Endangered Species in Idaho
As of May 2017, the U.S. Fish and Wildlife Service and National Marine Fisheries Service listed 20 animals and 5 plants as endangered or threatened in Idaho. These include large animals such as the Grizzly Bear and Woodland Caribou, fish such as the White Sturgeon and Sockeye Salmon, invertebrates such as the Bruneau Hot Springsnail and the Snake River Snail, and plants such as MacFarlane's Four-o'clock and Slickspot Peppergrass. A few animals, such as the Peregrine Falcon and the Gray Wolf, have been delisted in Idaho as a result of conservation efforts. Find out more about endangered species in Idaho at the Idaho Governor's Office of Species Conservation.
Bald Eagles — America's Bird . . . and a true success story!
In 1963 there were only about 417 nesting pairs of bald eagles in the United States. Today there are about 9,789 nesting pairs. In 2007 this wonderful bird was delisted from the threatened and endangered species list. We can make a difference!
Some Animals That Are Currently Endangered
Bactrian Camel — The Bactrian Camel is known for its two humps and lives in China and Mongolia. They store water in their humps and can go for long periods of time without need to consume fresh water. They live in small herds of up to about 100 members. Learn more . . .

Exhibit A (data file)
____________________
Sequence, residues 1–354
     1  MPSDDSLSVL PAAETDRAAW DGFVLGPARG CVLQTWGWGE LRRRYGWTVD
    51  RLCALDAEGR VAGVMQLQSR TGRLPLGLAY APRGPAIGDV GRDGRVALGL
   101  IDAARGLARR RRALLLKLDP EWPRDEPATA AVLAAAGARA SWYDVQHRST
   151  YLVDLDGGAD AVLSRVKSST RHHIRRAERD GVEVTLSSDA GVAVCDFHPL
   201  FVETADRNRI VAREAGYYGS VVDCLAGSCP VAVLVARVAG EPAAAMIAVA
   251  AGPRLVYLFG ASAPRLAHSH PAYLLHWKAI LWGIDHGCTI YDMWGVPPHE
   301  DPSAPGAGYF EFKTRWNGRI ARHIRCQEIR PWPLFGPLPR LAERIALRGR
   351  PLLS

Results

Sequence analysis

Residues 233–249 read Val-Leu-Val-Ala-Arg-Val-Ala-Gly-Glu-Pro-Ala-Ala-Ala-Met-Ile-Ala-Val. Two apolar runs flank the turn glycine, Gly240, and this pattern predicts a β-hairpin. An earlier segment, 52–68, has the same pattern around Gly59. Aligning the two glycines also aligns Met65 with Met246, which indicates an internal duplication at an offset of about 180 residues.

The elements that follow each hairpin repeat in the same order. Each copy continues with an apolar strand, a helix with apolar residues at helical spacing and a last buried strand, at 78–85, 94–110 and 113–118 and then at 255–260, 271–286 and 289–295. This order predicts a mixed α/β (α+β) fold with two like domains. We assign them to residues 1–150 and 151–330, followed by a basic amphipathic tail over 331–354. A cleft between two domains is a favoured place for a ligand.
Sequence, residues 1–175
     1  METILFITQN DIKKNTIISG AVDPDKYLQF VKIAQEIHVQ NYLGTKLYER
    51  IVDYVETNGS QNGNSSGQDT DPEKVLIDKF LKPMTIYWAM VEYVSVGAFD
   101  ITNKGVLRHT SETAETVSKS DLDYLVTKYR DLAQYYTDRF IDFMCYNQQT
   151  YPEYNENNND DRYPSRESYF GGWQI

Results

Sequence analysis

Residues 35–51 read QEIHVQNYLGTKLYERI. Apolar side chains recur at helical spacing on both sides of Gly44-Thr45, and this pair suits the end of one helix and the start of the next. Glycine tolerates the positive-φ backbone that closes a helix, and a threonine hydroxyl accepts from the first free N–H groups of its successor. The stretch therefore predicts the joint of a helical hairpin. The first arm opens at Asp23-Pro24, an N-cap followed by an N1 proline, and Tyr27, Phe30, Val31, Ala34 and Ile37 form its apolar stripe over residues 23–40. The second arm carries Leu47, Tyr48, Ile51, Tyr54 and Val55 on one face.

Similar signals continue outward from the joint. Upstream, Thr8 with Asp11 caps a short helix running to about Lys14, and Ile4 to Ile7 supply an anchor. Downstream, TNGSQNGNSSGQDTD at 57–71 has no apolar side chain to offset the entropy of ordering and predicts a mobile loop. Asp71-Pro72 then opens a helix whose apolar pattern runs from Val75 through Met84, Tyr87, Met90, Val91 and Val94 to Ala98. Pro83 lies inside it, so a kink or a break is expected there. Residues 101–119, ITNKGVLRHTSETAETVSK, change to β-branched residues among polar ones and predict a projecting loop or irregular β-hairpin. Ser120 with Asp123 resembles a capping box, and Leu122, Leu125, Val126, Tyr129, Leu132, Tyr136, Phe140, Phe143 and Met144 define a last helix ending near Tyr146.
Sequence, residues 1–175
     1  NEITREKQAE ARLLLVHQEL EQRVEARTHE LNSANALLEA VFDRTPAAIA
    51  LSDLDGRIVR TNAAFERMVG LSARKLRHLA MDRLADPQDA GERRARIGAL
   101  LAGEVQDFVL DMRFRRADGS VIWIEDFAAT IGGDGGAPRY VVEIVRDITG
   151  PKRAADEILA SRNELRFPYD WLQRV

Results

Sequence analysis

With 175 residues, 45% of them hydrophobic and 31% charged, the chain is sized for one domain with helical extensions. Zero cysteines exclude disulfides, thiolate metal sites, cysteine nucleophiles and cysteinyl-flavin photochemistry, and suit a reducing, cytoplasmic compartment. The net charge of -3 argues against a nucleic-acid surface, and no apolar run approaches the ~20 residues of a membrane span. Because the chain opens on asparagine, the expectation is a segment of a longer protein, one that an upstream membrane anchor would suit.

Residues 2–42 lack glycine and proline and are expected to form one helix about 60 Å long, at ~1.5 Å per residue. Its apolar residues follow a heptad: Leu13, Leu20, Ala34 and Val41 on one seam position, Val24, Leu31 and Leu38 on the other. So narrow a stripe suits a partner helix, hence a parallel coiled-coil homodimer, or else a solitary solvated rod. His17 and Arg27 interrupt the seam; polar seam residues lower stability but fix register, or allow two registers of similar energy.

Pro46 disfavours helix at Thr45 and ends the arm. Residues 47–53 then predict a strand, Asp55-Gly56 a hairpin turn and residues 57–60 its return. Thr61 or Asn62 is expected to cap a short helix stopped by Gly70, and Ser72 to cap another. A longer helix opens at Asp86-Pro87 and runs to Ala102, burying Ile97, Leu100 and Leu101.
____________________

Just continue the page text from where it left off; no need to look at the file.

Orangutans — Orangutans are highly intelligent observers. They have been known to watch humans untie a boat and row it across a river, and then repeat the behavior themselves. Like humans, orangutans pass down socially learned traditions. For example, the orangutans in Borneo use leaves as napkins to wipe their mouths, and orangutans in parts of Sumatra use leaves as gloves when handling thorny branches. The orangutans from Sumatra are considered highly endangered. Learn more . . .
The Yellow-Eyed Penguin — The most endangered penguin in the world is the yellow-eyed penguin, which inhabits the coasts and offshore islands of southeast New Zealand. The yellow-eyed penguin population is estimated at less than 7,000. Learn more . . .